Drug office vows to fix ad program

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At a Capitol Hill hearing last week, John P. Walters, director of the White House drug office, pledged to right the $152 million anti-drug ad program within a year or kill it.

The pledge follows a skirmish between the Partnership for a Drug- Free America and the Office of National Drug Control Policy over the direction of the program. The fight was kicked off after Mr. Walters unveiled a study that found the ads were not sufficiently reaching kids.

The hearings also elicited a denunciation of a recent TV effort linking the illegal drug trade to terrorists by Allen Rosenshine, chairman-CEO of Omnicom Group's BBDO Worldwide and vice chair-executive creative director of the Partnership. Meanwhile, Sen. Byron Dorgan, D-N.D., chairman of the Senate appropriations panel, urged Mr. Walters to fire WPP Group's Ogilvy & Mather, New York, the lead agency on the business, because of accounting problems.

"If someone overbilled me ... I wouldn't do business with them," said Sen. Dorgan, in some of the strongest Ogilvy criticism from the Senate. "If someone overbilled me, they would only have a chance to do it once."

Ogilvy's early billing problems drew strong criticism from some congressmen and eventually resulted in the agency agreeing to a $1.8 million settlement of civil charges. It also led the drug office to rebid the contract; a decision is imminent. Ogilvy hopes to retain the contract. The agency has blamed its initial problems on its failure to implement a government accounting system, which it has since put in place.

The Partnership does most of the creative on the account, with Ogilvy responsible for research, strategy and media buying.

At the Senate hearings and a similar one held in the House, Mr. Walters argued one problem was the drug office had insufficient involvement in Partnership creative when it was delivered late, and it often did not get proper testing before airing. Other factors he listed included a target age for the drug office's messages pushed too low; not enough marijuana messages delivered; and too many different themes used.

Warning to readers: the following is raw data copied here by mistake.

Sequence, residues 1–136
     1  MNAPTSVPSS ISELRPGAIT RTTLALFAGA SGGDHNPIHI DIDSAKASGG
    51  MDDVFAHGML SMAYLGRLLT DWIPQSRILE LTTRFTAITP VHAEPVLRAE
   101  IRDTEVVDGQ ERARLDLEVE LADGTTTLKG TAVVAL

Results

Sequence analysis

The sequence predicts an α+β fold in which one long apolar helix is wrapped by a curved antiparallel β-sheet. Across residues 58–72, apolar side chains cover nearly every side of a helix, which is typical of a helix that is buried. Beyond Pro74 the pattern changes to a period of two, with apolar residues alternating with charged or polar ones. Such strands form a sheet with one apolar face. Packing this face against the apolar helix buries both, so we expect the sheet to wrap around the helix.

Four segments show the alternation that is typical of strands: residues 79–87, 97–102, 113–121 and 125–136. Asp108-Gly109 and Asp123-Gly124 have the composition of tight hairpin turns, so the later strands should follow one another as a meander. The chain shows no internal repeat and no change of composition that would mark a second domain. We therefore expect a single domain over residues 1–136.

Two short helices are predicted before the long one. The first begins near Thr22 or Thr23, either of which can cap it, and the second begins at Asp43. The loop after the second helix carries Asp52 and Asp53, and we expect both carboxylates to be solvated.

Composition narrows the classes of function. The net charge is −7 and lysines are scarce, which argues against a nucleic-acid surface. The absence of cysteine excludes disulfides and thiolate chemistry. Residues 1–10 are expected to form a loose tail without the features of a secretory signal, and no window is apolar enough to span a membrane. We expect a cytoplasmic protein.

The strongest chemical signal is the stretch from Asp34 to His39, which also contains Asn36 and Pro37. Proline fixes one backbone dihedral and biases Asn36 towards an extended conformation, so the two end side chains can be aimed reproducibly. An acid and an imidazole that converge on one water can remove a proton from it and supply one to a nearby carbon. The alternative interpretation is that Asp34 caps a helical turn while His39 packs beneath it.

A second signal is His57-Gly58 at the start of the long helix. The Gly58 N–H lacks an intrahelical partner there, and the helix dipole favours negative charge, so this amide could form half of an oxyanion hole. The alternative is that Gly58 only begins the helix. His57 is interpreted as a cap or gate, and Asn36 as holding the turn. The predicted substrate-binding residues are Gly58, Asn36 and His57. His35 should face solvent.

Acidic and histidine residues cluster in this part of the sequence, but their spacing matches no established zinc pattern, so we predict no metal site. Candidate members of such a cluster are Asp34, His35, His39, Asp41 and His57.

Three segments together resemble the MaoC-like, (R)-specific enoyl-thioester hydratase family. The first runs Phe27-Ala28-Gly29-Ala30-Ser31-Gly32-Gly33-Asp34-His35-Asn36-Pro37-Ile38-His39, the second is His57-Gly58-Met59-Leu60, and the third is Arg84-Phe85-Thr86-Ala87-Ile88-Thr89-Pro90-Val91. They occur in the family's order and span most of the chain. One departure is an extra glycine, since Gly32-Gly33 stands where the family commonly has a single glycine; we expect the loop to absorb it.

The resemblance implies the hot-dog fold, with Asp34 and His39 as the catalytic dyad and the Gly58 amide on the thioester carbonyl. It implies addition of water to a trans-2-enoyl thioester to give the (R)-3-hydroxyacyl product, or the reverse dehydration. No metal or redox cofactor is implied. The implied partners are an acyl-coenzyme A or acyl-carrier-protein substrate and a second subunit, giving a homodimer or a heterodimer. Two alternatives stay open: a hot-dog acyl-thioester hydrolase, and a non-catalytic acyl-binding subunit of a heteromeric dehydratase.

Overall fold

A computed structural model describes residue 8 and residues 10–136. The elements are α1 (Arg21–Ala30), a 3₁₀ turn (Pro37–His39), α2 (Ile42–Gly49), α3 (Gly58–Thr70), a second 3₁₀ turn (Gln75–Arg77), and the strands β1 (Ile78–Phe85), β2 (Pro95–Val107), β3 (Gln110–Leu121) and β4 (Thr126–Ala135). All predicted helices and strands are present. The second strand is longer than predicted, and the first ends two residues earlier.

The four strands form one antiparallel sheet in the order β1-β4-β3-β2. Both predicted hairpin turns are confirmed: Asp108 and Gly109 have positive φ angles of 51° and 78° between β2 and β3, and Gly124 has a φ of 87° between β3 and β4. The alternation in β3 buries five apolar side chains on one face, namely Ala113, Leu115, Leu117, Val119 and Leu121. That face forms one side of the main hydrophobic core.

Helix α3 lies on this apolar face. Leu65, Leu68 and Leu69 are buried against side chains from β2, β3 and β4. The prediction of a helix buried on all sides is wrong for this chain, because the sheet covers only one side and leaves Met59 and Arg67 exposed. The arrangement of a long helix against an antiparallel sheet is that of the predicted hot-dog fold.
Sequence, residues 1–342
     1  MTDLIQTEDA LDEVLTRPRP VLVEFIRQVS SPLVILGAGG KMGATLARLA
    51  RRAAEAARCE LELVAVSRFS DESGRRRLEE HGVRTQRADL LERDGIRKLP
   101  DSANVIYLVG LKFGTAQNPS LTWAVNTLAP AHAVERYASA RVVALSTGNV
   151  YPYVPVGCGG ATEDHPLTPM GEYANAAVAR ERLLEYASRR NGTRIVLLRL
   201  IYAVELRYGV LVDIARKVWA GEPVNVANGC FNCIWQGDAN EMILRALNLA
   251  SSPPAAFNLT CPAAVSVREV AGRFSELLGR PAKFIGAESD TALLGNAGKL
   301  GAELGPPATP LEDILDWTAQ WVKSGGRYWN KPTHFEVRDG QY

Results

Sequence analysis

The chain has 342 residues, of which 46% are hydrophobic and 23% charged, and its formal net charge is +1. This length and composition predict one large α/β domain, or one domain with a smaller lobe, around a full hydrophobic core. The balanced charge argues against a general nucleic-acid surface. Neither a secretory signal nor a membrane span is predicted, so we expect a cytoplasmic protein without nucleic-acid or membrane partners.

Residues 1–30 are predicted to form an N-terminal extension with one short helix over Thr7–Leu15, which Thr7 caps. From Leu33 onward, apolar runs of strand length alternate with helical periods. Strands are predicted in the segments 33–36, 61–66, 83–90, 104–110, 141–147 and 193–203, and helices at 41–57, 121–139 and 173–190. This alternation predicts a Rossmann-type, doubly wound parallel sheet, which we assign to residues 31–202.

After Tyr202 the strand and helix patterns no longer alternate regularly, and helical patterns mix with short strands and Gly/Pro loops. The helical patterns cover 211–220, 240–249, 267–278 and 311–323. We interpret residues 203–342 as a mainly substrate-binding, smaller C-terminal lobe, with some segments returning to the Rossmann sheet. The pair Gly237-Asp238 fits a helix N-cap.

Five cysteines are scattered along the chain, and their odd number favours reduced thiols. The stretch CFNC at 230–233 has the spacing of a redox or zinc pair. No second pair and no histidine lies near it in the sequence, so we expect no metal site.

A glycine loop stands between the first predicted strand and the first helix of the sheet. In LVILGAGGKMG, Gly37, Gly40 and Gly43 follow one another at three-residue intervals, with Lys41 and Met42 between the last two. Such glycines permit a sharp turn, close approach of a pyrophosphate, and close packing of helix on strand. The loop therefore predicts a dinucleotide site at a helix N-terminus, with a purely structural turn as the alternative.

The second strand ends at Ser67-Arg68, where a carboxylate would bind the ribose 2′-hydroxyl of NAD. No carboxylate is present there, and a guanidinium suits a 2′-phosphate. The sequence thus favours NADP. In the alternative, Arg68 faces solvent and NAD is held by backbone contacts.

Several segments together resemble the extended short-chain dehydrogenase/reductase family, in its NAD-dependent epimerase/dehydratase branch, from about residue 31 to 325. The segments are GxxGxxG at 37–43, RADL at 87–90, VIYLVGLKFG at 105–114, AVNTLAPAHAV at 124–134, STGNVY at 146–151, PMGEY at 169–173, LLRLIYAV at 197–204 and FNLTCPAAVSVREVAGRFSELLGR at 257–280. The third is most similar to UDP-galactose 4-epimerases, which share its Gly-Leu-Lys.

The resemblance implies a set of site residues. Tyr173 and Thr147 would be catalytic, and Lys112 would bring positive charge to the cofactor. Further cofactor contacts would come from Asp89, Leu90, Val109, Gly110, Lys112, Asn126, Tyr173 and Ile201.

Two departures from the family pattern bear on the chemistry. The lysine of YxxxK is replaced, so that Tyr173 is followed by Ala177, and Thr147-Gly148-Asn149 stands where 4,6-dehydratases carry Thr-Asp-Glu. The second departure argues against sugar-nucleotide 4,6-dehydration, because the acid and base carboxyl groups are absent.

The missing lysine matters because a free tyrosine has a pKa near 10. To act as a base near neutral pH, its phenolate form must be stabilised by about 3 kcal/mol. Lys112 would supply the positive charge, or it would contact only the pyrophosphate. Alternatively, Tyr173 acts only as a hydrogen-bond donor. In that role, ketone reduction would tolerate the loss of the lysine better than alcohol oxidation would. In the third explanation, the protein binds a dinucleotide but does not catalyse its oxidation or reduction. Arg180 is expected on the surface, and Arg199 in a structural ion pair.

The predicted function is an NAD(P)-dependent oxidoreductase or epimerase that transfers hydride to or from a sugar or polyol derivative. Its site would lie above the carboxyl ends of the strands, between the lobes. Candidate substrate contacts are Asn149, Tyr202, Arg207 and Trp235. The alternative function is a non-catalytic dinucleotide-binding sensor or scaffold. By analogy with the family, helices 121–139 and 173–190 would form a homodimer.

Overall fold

not enough power

"I don't think we have powerful-enough material," Mr. Walters said, adding in his written testimony that "protracted production delays ... produced a chain reaction of subpar advertising substitutions that seriously damaged" the effort's effectiveness.

Pressed by Sen. Ben Nighthorse Campbell, R-Colo., about when the program should be abandoned for not working, Mr. Walters asked for another year. One option Mr. Walters explored, paying for creative, seems unlikely to go forward as Sen. Joseph Biden, D-Del., Judiciary panel chairman, said in a letter to Sen. Dorgan he did not believe that was the answer.

Partnership officials, meanwhile, argued the report unfairly ignored the campaign's first years. They blamed problems on the move away from its proven creative approach to a complicated strategy that was too broad, spent too much on non-media activities and employed a lengthy development process. "The campaign lost its way," said Steve Pasierb, Partnership president-CEO. "We would urge it be refunded if, and only if, it returns to its original concept."

Mr. Rosenshine told the House panel the drug office's move to "integrated social marketing" had "fractionalized the budget" and marketers have found similar efforts less effective than advertising. The American Association of Advertising Agencies has offered to set up panels to resolve the problems of getting creative together, he noted.

`stupid and bad'

"In his criticism of the terrorist spot from Ogilvy, Mr. Rosenshine said he believes it violates one of the basic premises of consumer advertising in telling people that what they are doing is stupid and bad." He later added no evidence exists the ads worked and while they may have been noticed, "notoriety alone is not effectiveness."

Drug-office officials say the terrorist ads were aimed at adults, not kids, and have produced more than 1 million hits on a drug-office Web page. Ogilvy declined to comment.

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